Ex­perts: DNA sam­ples not nec­es­sary

New Straits Times - - News -

KUALA LUMPUR: Au­thor­i­ties can de­pend en­tirely on sec­ondary ev­i­dence to of­fi­cially “iden­tify” Kim Jong-nam with­out hav­ing to wait for DNA sam­ples from his next of kin, to match his.

Ex­perts say the law al­lows for this, pro­vided that all the sec­ondary ev­i­dence could be sup­ported by strong ev­i­dence to trace it to Jong-nam, who was as­sas­si­nated in klia2 on Feb 13.

Dr Geshina Ayu Mat Saat, psychologist and crim­i­nol­o­gist of Univer­siti Sains Malaysia, said Sec­tions 63 and 65 of the Ev­i­dence Act 1950 pro­vided that sec­ondary ev­i­dence would be ad­mis­si­ble as ev­i­dence in court un­der spe­cific cir­cum­stances.

“Gen­er­ally, the use of sec­ondary ev­i­dence is ad­mis­si­ble if the orig­i­nal (doc­u­ment or in­for­ma­tion) is pub­lic and the law al­lows for its pro­duc­tion.

“If the per­son (wit­ness) has seen the orig­i­nal or a copy of the ev­i­dence fur­nished that had been com­pared with the orig­i­nal, it is ad­mis­si­ble, too,” she told the New

Straits Times.

The Ev­i­dence Act also per­mits the use of oral ac­counts of the con­tents of a doc­u­ment given by a per­son who “has him­self seen” or “heard it” or “per­ceived it by what­ever means”.

In cases where the de­ceased had been iden­ti­fied via an of­fi­cial doc­u­ment, like a pass­port or an as­sumed name, Geshina said, there was still a need for the au­thor­i­ties to make sure that the sec­ondary ev­i­dence was trace­able to the cor­rect name and pre­sumed name.

Geshina was asked to com­ment on the pos­si­bil­ity of us­ing sec­ondary ev­i­dence to iden­tify the body of Jong-nam if his next of kin failed to show up to pro­vide DNA sam­ples.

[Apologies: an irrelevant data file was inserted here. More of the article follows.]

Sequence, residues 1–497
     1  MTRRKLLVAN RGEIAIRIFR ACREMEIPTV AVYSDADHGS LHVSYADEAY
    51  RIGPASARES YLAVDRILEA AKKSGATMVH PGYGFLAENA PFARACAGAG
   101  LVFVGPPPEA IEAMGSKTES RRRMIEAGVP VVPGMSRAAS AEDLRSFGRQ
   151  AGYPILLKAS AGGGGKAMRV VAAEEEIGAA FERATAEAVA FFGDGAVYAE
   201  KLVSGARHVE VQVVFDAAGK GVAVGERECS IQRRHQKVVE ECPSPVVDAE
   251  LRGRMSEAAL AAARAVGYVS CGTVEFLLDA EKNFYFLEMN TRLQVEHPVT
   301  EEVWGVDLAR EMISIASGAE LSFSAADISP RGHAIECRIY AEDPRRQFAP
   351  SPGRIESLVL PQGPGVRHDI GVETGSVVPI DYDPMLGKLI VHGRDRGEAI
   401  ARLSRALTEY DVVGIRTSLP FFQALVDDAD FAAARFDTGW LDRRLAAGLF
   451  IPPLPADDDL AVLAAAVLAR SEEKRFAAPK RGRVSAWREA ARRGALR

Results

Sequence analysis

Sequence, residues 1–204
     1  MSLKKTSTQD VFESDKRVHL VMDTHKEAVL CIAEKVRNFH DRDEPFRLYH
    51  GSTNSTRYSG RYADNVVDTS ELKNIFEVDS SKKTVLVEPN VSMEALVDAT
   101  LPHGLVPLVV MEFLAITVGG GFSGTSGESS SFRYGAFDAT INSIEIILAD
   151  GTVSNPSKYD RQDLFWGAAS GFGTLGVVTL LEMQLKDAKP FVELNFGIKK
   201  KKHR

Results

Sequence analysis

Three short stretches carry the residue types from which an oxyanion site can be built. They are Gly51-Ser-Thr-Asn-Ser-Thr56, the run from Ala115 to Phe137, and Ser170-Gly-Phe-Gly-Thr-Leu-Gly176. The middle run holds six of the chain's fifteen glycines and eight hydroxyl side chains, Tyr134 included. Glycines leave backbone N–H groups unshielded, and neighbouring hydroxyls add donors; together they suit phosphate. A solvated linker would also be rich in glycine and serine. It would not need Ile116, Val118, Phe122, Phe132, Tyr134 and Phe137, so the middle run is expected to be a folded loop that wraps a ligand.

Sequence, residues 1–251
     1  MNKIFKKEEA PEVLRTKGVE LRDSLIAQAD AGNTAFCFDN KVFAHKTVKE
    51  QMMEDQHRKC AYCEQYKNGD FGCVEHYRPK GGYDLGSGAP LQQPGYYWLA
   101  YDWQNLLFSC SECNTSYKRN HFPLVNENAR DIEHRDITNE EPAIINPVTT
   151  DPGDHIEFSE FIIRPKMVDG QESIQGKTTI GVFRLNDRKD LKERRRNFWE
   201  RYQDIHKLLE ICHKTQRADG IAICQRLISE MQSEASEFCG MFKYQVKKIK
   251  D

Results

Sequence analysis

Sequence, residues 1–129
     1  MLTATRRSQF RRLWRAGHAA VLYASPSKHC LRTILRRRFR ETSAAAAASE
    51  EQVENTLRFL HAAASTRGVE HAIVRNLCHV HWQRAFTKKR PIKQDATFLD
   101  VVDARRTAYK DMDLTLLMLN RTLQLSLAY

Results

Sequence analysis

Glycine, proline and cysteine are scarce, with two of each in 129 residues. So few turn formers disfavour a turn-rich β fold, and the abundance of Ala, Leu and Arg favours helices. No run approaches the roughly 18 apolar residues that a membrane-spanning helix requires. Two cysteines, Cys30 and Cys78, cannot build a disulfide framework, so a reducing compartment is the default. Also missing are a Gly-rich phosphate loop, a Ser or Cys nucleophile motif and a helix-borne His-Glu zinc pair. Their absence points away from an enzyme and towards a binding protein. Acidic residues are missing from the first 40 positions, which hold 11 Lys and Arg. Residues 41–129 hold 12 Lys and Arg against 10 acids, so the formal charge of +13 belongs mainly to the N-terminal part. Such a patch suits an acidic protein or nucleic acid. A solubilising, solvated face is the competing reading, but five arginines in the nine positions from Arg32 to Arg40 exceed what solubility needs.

On Feb 17, Deputy Prime Min­is­ter Datuk Seri Dr Ah­mad Zahid Hamidi con­firmed that it was Jong-nam who was killed at the de­par­ture hall of klia2 on Feb 13.

Jong-nam was, how­ever, trav­el­ling on a North Korean diplo­matic pass­port un­der the name “Kim Chol”.

Foren­sics science ex­pert As­so­ci­ate Pro­fes­sor Dr Za­fa­rina Zain­ud­din said DNA test­ing was not nec­es­sar­ily the main source of pri­mary iden­ti­fi­ca­tion for hu­man re­mains, if the body of the de­ceased had yet to de­com­pose.

“We don’t have to do a DNA test­ing if we can iden­tify the de­ceased us­ing phys­i­cal iden­ti­fi­ca­tion meth­ods.

“In foren­sics iden­ti­fi­ca­tion, there are three lev­els — the phys­i­cal (iden­ti­fi­ca­tion) where the per­son’s face can be recog­nised and match­ing can be done, checks on the per­son’s im­plants, and the birth­marks, which must be unique enough for the fam­ily mem­bers of the de­ceased to pos­i­tively iden­tify him.

“Then, there is the match­ing of den­tal records. A match in den­tal or fin­ger­print records would pro­duce a defini­tive re­sult,” Dr Za­fa­rina, the head of USM’s School of Health Sciences’ Hu­man Iden­ti­fi­ca­tion/DNA Unit, said.

She said the re­sult of the iden­ti­fi­ca­tion process would be con­sid­ered “con­clu­sive” if sev­eral of the sec­ondary iden­ti­fiers matched the sub­ject.

“If all meth­ods fail, only then the DNA op­tion comes in... DNA test­ing is not the pri­mary form of iden­ti­fi­ca­tion for the de­ceased, es­pe­cially if the body is in­tact or recog­nis­able.

“The cred­i­bil­ity of the ref­er­ence sam­ple is the is­sue in DNA iden­ti­fi­ca­tion. There had been prece­dents where the child of a de­ceased man (who pro­vided the re­fer­ral sam­ple) turned out to be some­one else’s,” she said, adding that, how­ever, if the ref­er­ence sam­ple was well es­tab­lished, the re­sults of DNA iden­ti­fi­ca­tion would be 99.99 per cent ac­cu­rate.

Dr Za­fa­rina also said the au­thor­i­ties must en­sure the sta­tus of Jong-nam’s next of kin, in the event he pre­sented him­self to pro­vide a re­fer­ral DNA sam­ple or iden­tify his body.

“We have to be sure of this per­son’s cred­i­bil­ity. This per­son must de­scribe unique fea­tures, in­clud­ing birth­marks, on the de­ceased.”

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